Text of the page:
My portfolio is not what I recommend for others, just what I’ve settled upon. We hold 30% Comm, 24% Banks, 24% Pipeline and 22% Utilities.

      Reply
      1. No, I meant well done writing a book on DG investing. I retired at 60 and we have cashed a bit of our capital each year to travel. It’s a good thing we did as my wife now has MS and I was supposed to be gone by age 50. As Mark and many others have said, our health is our most important asset. I have always enjoyed your comments and I will continue enjoy your views. This post is a little disjointed (all over the place), sorry about that. ((:

        Reply
        1. I wish you and your wife well and totally understand what you and your family are going through. We all have to take what comes and just be there to help the best we can.

          Reply
  4. I’ve slowly learned that one does not have to pick a winner every time. Having a strategy that gets one from point A to their destination is sufficient and there can be several strategies that accomplish that goal. Along the way, one can get distracted from time to time but by listening and observing those that have been there and done that a person can keep their eye on the ball. I’m going to order the book, should be an interesting read.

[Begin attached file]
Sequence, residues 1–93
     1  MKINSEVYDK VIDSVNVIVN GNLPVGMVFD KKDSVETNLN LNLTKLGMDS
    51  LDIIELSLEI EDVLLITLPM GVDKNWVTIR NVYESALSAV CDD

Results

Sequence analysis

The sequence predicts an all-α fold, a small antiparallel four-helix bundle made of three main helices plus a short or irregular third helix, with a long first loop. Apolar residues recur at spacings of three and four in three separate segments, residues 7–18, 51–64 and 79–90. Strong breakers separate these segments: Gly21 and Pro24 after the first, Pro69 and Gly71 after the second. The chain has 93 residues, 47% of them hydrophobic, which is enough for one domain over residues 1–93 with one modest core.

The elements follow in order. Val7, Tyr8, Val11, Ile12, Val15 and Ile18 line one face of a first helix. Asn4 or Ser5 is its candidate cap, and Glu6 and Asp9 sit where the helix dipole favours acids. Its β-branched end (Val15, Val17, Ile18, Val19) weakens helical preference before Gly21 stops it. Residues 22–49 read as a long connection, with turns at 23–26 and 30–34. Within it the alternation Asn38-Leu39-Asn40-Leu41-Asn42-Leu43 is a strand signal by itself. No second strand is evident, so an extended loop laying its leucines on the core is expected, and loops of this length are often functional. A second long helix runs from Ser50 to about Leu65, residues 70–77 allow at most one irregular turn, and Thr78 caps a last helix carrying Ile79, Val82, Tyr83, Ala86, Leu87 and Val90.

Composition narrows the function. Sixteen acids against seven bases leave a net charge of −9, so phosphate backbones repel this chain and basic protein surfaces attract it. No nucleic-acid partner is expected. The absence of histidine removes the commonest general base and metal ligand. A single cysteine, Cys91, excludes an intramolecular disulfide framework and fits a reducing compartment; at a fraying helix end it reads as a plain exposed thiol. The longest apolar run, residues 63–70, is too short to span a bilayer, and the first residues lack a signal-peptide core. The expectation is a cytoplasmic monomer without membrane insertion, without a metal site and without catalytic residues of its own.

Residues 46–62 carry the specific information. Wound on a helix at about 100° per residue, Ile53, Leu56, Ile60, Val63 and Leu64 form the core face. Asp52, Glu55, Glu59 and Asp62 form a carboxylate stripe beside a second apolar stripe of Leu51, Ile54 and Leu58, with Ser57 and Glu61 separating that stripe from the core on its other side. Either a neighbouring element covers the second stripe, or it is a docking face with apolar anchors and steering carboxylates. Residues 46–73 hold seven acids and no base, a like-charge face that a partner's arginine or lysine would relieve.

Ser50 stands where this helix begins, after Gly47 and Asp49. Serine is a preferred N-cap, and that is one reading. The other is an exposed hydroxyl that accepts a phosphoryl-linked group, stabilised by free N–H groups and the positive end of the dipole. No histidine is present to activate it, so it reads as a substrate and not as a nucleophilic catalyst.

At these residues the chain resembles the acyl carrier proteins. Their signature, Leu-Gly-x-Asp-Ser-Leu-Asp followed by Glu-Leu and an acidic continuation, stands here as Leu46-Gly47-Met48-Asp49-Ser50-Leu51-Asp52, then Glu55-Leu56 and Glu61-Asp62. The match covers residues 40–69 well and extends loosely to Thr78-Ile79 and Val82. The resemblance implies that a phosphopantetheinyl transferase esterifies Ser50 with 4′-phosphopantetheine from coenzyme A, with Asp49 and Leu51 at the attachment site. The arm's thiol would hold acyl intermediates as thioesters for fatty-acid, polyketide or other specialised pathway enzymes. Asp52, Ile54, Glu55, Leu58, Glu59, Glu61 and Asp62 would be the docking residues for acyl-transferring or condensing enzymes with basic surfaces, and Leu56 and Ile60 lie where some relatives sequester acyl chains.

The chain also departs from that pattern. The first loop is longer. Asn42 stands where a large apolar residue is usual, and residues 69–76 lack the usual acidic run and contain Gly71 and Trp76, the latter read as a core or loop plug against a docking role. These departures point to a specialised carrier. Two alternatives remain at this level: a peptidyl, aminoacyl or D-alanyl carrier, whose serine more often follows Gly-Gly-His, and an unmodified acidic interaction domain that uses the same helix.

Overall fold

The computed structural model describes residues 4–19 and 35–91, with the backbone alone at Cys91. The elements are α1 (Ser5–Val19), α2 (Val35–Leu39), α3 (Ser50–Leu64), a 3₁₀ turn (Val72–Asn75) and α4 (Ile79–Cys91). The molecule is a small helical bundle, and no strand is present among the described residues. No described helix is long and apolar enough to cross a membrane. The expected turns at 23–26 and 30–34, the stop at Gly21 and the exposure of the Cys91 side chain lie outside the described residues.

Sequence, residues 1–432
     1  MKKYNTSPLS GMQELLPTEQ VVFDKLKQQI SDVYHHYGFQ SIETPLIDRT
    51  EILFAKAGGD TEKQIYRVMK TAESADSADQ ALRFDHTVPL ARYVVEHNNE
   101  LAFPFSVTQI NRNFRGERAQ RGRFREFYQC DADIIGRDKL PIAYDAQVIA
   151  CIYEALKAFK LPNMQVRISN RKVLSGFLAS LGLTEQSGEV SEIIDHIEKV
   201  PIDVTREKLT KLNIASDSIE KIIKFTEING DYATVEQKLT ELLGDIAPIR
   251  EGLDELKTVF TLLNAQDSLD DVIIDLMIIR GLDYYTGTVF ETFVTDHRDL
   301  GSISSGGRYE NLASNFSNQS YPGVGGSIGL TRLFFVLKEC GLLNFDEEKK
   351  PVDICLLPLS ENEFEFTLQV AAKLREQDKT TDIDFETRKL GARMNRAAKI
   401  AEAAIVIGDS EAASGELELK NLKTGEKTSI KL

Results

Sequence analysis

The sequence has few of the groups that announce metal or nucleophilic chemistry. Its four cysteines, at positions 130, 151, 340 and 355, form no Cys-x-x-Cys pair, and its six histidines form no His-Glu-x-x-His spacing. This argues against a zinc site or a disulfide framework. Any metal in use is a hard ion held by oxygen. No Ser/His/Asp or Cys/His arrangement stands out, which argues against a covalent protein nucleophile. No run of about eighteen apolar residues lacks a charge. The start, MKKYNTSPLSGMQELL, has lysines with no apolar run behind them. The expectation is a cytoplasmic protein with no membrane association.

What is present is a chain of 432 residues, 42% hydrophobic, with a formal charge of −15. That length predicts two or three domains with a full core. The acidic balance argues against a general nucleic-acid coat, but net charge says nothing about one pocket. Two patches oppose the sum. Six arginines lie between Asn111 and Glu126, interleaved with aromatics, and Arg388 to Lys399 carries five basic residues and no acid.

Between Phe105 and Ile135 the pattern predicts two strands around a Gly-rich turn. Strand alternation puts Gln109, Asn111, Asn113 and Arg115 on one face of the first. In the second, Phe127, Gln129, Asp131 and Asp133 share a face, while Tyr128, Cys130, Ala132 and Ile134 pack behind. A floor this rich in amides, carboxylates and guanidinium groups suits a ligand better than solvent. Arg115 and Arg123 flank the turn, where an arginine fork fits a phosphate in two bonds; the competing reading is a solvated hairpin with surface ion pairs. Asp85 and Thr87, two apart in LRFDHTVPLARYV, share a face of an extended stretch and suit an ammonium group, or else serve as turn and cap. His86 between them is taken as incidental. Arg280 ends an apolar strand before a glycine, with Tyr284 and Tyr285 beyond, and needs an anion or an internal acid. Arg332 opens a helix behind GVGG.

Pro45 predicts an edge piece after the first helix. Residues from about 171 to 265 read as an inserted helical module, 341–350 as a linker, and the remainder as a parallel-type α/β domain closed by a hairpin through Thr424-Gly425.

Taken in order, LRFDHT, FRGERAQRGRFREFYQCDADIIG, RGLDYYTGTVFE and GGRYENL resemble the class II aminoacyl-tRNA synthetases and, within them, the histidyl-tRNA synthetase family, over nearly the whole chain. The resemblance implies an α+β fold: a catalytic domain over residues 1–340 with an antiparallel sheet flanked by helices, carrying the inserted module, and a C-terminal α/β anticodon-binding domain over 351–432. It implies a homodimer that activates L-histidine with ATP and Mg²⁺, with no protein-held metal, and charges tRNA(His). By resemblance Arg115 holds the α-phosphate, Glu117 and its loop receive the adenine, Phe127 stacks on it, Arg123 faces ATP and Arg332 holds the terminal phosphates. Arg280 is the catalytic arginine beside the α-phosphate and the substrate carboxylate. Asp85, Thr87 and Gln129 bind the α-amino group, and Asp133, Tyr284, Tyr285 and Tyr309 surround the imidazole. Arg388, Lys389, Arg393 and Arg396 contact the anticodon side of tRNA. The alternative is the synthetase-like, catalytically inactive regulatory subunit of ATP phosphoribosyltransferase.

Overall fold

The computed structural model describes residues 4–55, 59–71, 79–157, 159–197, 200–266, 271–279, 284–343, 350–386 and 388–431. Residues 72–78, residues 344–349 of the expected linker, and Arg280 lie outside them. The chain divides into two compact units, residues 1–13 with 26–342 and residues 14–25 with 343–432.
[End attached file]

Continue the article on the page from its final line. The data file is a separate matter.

Reply
  5. Cannew is one of the happy retirees I follow at this blog and learned a lot from. Congratulations on your book.

    I still don’t have the courage to concentrate my investing only on DG stocks although for most part I follow this approach. Maybe by winning and reading this book I will be convinced.

    Reply
  6. Correct again Lloyd, there is always a different path to achieve ones goal. What one will find is that I’ve outlined a specific path with a specific end goal and suggest the simplest path to achieving it, at least in my opinion.

    Reply
    1. Amazon says the book “is on the way”. I look forward to reading it. I hope there ain’t anything in there about being a marathon runner, competitive biker or Olympic athlete, it will reinforce my belief that I’m just downright lazy. 😉